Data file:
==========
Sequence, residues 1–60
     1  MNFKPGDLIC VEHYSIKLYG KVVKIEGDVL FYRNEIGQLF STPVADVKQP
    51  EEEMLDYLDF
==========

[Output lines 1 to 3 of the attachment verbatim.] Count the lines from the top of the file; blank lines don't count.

Sequence, residues 1–60
     1  MNFKPGDLIC VEHYSIKLYG KVVKIEGDVL FYRNEIGQLF STPVADVKQP
    51  EEEMLDYLDF